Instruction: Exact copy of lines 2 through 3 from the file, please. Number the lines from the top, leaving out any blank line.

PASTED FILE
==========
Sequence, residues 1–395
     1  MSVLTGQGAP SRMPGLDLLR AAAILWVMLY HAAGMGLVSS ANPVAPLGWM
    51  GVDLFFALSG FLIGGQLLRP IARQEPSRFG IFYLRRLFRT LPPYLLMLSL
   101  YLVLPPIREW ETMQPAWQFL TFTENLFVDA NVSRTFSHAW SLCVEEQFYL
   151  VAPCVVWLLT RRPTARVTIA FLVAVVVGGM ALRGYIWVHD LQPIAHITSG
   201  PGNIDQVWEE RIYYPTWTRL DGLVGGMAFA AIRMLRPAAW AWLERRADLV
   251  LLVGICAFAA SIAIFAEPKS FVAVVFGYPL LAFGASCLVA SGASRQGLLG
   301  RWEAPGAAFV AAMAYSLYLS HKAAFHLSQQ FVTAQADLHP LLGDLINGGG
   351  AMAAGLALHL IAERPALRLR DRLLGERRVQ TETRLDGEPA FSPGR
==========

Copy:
     1  MSVLTGQGAP SRMPGLDLLR AAAILWVMLY HAAGMGLVSS ANPVAPLGWM
    51  GVDLFFALSG FLIGGQLLRP IARQEPSRFG IFYLRRLFRT LPPYLLMLSL